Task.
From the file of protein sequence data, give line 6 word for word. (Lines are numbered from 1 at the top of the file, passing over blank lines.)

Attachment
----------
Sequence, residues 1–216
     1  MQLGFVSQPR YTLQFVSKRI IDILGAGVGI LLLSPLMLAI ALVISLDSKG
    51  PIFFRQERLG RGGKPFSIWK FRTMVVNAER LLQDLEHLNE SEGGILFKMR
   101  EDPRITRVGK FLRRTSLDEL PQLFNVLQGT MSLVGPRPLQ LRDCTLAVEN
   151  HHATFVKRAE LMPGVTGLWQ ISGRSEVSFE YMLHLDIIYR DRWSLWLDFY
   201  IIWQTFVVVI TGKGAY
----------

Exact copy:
   201  IIWQTFVVVI TGKGAY